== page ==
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6

Frankly, I also searched for but couldn’t find much of others addressing the parallels of Ruth and Elisha. Walfish was almost always the writer. What I did find were mostly studies of one book that had cross references to the other(s) (e.g. Ruth noting a Kings book or vice versa). For some other material I found, see the comment at the bottom of this ...


4

1 Kings 7:1-7 seems to come down in favor of (2), and v.8 to argue against (3). The reference to shields bears out the IVP Bible Background Commentary - O T's comment that, "Like other palace complexes in the ANE (such as those at Mari, Babylon and Susa), Solomon's ...palace itself was larger than the temple. It served as an administrative complex as well as ...


3

The original question contained a link to the interesting article by Rendsburg 1988: http://jewishstudies.rutgers.edu/docman/rendsburg/64-the-mock-of-baal-in-1-kings-18-27/file Has anyone else looked at it? The author argues that śiăḥ and śiḡ are a hendiadys. śiḡ or siḡ is well-known in the meaning “go away, step aside”, and can thus reasonably be ...


3

The change is even more gradual than that. The narrative is intended to show Solomon very slowly becoming corrupted due to his power and wealth. For example: at the end of 1 Kings 6 it says he took 7 years to build God's temple (Heb: 'Beth'), and in the next verse (1 Kings 7:1) it says he took 14 years to beuild his own house (Heb: 'Beth'). So he already ...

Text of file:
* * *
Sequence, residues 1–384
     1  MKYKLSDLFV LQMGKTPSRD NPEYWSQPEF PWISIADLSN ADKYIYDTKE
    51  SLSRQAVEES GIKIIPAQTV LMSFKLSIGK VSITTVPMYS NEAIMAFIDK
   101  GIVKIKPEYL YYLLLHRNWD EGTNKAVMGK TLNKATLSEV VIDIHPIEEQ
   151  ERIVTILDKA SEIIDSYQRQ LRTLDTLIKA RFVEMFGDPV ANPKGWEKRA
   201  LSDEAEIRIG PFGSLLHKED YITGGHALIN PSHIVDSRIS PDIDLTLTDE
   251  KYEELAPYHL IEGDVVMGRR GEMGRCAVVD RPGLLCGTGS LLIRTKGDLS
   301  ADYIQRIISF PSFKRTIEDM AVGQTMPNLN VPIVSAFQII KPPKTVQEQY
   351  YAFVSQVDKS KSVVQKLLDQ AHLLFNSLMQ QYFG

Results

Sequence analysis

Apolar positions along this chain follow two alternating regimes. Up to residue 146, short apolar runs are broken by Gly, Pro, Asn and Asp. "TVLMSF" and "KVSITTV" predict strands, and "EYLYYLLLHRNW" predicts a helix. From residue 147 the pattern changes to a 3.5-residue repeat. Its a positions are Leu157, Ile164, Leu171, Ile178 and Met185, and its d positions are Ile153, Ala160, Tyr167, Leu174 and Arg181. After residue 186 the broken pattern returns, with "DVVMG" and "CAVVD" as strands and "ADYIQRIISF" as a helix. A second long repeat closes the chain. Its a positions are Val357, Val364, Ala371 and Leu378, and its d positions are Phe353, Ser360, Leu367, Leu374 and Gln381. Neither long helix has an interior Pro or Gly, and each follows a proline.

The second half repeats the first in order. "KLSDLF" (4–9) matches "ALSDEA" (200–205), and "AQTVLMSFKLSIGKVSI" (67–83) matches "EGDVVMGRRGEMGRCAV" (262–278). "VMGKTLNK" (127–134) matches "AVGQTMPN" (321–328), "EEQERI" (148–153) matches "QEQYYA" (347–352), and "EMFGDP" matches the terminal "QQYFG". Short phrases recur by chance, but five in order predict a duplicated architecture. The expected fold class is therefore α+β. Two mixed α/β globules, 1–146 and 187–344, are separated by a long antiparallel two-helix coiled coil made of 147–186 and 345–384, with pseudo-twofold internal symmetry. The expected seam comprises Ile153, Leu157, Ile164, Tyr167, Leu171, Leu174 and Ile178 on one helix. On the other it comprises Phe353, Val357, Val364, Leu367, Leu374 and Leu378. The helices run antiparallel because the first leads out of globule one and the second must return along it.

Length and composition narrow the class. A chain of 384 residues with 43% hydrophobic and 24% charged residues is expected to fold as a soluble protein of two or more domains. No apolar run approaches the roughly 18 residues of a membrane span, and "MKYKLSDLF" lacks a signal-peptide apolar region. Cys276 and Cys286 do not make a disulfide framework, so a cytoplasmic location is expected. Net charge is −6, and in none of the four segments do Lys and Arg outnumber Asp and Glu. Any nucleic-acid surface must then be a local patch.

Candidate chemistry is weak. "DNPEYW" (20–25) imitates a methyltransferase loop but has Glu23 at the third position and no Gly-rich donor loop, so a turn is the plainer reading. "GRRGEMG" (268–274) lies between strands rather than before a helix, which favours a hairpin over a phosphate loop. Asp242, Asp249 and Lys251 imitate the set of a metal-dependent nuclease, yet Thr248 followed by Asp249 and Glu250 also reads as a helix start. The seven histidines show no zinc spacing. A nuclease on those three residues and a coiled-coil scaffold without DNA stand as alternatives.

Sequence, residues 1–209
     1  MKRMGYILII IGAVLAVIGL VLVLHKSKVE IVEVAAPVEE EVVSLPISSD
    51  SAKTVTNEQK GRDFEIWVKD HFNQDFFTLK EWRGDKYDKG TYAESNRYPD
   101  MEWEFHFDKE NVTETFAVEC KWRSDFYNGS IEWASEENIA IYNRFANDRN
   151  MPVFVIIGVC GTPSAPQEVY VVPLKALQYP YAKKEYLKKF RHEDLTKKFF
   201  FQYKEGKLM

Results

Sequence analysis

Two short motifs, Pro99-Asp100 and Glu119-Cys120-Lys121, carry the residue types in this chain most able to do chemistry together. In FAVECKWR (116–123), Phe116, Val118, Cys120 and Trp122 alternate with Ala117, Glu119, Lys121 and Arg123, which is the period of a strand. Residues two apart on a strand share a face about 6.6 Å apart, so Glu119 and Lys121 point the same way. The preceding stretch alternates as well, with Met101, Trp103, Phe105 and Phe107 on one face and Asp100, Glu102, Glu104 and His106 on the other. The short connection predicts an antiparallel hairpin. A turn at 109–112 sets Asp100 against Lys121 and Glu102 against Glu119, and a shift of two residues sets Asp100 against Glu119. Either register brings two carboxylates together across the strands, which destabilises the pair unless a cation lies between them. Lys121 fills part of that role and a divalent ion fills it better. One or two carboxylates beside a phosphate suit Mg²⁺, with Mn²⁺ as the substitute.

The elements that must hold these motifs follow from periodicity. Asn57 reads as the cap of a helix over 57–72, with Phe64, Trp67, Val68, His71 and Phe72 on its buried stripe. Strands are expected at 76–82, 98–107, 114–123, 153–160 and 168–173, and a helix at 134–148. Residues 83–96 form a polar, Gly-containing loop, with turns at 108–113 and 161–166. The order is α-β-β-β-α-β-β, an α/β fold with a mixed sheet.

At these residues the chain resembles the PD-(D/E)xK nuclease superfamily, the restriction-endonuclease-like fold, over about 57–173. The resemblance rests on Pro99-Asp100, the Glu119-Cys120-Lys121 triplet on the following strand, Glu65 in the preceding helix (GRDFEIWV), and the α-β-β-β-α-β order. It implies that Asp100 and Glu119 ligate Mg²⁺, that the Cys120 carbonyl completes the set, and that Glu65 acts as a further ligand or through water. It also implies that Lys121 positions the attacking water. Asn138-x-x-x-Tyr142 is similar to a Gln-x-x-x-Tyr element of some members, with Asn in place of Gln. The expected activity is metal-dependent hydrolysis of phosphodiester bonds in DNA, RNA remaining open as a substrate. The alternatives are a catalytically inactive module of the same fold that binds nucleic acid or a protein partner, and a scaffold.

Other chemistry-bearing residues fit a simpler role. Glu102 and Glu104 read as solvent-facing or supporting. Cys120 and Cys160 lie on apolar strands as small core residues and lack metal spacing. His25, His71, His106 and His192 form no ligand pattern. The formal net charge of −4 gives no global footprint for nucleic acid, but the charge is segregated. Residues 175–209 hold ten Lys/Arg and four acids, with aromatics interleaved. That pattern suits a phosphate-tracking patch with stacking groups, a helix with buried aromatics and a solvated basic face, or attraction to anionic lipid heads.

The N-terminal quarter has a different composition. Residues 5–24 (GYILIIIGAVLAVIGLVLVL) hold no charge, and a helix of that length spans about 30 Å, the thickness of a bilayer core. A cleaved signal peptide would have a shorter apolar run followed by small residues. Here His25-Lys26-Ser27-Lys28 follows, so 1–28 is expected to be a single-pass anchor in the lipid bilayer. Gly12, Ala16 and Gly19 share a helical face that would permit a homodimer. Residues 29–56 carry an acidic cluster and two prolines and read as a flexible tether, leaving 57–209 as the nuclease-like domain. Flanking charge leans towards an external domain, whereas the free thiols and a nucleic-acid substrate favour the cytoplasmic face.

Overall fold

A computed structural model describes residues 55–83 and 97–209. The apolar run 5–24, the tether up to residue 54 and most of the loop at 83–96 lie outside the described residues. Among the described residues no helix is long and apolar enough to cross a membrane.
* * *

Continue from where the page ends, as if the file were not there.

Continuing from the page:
2

In doing some research on this subject, this is what I found. According to the ISBE She [Abhishag], had an intimate knowledge of the condition of David, and was present at the interview of Bathsheba with David which resulted in the placing of Solomon on the throne. If that act had been questioned she would have been a most important witness. By reason of ...


2

Cases for a 'kingly' identification There are 24 kings linked using a single phrase, and 24 'elders'. Therefore there may be a correlation between the two. They elders have 'crowns' and are sat on 'thrones', which may suggest a royal disposition. Cases against a 'kingly' identification The author expressly describes the men as elders and not kings, and ...


1

As @seedy3 already concluded, Abishag was a wife of King David, though he never had intercourse with her (1 King 1:1-4). But it would not have been adultery to marry the wife of King David in this case. David was already dead. It's even possible Salomon later took Abishag as his wife as the King's wifes were part of the crown posession. Lev 20:11 talks ...


1

The Hebrew is ערך and whilst it has a wide semantic domain the basic idea behind the term is arrangement or setting up1, the term does not, therefore, necessitate that wood for the burning of the sacrifice had to set up in a special way, but simply that it needed to be set up. The NET captures this meaning well; 1 Kings 18:33 He arranged the wood, cut up ...



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